About Mongolia

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BRIEF HISTORY

In 1206 AD, a single Mongolian state was formed based on nomadic tribal groupings under the leadership of Chinghis Khan. He and his immediate successors conquered nearly all of Asia, European Russia; and sent armies as far as central Europe, Southeast Asia and Japan. Chinghis Khan’s grandson Kublai Khan, who conquered China and established the Yuan dynasty (1279-1368 AD), gained fame in Europe through the writings of Marco Polo.

Although Mongol-led confederations sometimes exercised wide political power over their conquered territories, their strength declined rapidly after the Yuan dynasty in China was overthrown in 1368. The Manchus, a tribal group which conquered China in 1644 and formed the Qing dynasty, were able to bring Mongolia under Manchu control in 1691 with two main conditions: firstly, the Han nationalities should not be settled in its territory, and secondly, the Hans should not marry Khalkha Mongols. The Mongol rulers enjoyed considerable autonomy under the Manchus, keeping its border, language and culture. With the collapse of Manchu dynasty in 1911, Mongolia restored its independence. However, by the 1915 trilateral Treaty of Kyakhta between Mongolia, China and Russia, Mongolia was forced to accept Chinese suzerainty. In 1921, Mongolia reclaims its independence (on 11th of July, people’s revolution) with the help of Soviet Russia. The Mongolian People’s Republic was proclaimed on November 26, 1924, adopting the first constitution.

Mongolia joins the United Nations in 1961. During the confrontation between former Soviet Union and the PRC, Mongolia allied with Moscow, allowing deployment of Soviet troops over its territory. These troops were however withdrawn from Mongolia in 1992. Since this time, the country is maintaining equal, balanced policy towards its neighbors. In early 1990, peaceful transition to democracy and market economy occurs, with adopting of new constitution in 1992. Mongolia is a politically free country, which maintains multi-party system, with up to 80 percent of GDP being produced by private sector. Several parliamentary free elections were successfully organised. Mongolia considers itself as a strong holder of democracy in Inner Asia.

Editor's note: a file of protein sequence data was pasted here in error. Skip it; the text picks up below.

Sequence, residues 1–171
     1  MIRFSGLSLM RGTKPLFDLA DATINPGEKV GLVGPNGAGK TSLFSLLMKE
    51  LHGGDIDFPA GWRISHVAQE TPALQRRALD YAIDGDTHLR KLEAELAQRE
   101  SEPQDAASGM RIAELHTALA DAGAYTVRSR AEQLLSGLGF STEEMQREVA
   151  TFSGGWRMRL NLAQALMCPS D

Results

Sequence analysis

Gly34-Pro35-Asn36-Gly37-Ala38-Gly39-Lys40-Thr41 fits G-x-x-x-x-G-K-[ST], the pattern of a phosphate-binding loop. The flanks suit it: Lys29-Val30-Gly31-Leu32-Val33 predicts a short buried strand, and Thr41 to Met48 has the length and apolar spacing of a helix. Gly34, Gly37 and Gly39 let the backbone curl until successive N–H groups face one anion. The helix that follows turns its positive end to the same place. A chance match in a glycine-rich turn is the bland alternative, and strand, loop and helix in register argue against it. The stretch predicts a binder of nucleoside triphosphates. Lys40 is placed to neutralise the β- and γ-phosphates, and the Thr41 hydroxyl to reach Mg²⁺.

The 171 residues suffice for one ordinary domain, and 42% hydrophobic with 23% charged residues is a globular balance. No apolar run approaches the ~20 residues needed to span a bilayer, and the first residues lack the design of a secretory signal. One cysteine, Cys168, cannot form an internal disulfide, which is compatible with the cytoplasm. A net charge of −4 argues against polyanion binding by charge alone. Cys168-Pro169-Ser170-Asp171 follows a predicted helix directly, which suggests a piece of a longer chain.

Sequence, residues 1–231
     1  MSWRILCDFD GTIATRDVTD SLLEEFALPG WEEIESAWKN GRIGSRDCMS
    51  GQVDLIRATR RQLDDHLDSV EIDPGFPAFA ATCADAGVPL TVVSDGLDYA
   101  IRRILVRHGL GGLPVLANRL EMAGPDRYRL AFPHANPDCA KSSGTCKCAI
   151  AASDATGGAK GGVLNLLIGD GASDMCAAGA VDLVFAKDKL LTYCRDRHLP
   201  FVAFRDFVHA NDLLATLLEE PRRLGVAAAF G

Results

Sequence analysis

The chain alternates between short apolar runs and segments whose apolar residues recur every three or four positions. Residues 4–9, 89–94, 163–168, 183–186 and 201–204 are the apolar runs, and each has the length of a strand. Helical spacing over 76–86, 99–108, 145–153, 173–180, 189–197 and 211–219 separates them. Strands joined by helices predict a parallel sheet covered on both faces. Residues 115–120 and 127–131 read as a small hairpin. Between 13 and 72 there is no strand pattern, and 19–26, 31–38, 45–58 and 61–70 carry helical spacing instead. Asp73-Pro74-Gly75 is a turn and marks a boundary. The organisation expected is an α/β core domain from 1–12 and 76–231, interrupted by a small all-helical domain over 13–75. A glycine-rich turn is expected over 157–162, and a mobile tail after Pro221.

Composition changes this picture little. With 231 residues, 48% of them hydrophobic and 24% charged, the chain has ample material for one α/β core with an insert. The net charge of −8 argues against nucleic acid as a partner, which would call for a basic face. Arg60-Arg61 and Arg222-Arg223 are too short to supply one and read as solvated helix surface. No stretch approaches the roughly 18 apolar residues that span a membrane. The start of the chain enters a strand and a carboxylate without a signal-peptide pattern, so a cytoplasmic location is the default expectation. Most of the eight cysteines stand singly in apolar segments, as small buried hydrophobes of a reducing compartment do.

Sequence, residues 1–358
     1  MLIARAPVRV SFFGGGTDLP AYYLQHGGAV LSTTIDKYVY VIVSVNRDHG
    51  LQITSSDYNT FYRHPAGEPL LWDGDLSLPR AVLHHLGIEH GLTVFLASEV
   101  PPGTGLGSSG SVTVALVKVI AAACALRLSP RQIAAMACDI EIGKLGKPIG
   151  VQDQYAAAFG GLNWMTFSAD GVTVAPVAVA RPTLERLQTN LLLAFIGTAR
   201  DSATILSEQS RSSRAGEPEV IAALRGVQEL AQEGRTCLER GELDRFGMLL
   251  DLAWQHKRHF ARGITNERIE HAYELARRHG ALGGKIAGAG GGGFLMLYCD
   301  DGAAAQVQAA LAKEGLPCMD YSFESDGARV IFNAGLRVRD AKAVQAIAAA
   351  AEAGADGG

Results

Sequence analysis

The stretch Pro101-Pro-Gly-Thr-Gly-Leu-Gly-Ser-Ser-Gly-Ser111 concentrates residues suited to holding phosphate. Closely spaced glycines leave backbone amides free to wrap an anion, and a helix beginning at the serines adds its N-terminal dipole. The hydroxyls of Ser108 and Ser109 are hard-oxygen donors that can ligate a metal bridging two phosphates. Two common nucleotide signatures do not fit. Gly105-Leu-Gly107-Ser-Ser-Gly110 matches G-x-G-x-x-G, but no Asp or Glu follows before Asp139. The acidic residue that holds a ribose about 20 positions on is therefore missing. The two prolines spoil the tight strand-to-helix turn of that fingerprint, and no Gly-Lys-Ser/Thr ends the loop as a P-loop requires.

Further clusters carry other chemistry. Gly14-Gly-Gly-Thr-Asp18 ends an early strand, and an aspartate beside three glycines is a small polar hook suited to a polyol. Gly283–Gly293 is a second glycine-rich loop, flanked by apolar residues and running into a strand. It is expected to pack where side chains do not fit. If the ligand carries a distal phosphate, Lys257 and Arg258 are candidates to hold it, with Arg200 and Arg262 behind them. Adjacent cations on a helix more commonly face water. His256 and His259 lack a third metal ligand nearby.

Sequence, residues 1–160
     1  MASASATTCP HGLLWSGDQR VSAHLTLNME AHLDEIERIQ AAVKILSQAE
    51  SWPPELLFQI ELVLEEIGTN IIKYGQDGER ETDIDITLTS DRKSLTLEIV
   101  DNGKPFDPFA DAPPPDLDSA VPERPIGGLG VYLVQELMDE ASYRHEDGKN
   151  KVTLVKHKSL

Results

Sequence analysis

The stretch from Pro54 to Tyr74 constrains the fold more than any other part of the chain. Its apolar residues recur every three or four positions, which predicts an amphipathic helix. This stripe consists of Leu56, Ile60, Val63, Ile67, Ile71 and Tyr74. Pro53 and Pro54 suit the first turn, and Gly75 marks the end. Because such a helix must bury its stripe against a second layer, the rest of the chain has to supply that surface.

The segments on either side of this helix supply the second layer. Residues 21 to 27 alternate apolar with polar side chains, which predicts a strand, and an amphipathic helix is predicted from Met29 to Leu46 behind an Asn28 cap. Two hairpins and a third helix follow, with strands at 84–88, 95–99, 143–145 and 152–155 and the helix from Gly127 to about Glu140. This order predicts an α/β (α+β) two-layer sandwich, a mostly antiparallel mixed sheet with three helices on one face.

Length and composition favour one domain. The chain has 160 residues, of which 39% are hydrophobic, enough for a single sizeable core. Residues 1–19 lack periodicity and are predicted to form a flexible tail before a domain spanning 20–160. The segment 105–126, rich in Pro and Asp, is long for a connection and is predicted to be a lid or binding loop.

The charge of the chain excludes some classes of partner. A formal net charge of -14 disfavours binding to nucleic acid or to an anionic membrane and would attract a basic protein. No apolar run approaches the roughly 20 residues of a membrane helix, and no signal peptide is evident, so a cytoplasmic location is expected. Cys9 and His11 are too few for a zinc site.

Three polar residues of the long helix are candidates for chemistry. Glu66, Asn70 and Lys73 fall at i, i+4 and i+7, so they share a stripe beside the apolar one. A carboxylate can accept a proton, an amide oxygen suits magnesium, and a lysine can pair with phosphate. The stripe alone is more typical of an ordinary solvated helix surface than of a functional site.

Area: Total: 1.565 million sq km (water: 9,600 sq km, land: 1,555,400 sq km); Northeast Asia, between China and Russia (landlocked); total: 8,162 km, with China 4,677 km, Russia 3,485 kmClimate: Continental and dry (average temperature in winter is – 20c, in summer is +20c)
Population: Population: approx. 3 mln; growth rate: 1.47% (June 2012); Life expectancy: Average – 68.6 (June 2012) Male: 63.5 years Female: 67.9 years. Population in capital Ulaanbaatar: 1.267.000 (43%, 2013). Largest ethnic groups (2010 census): Khalkha – 82,4%, Kazakh – 3,86%, Durvud – 2,75%, Bayad – 2,15%, Buryat – 1,71%, Zakhchin – 1,25%, Dariganga – 1%, Uriankhai – 1%, other smaller groups are less than 1% respectively. Religion (Religious people – 61,4% (Buddhism – 86%, Muslim – 4,9%, Shaman – 4,7%, Christian 3,5%, others – 0.5%), non-religious – 38,6%). Literacy (2010 census): Total population 98.3%, male: 96.9%, female: 97.9%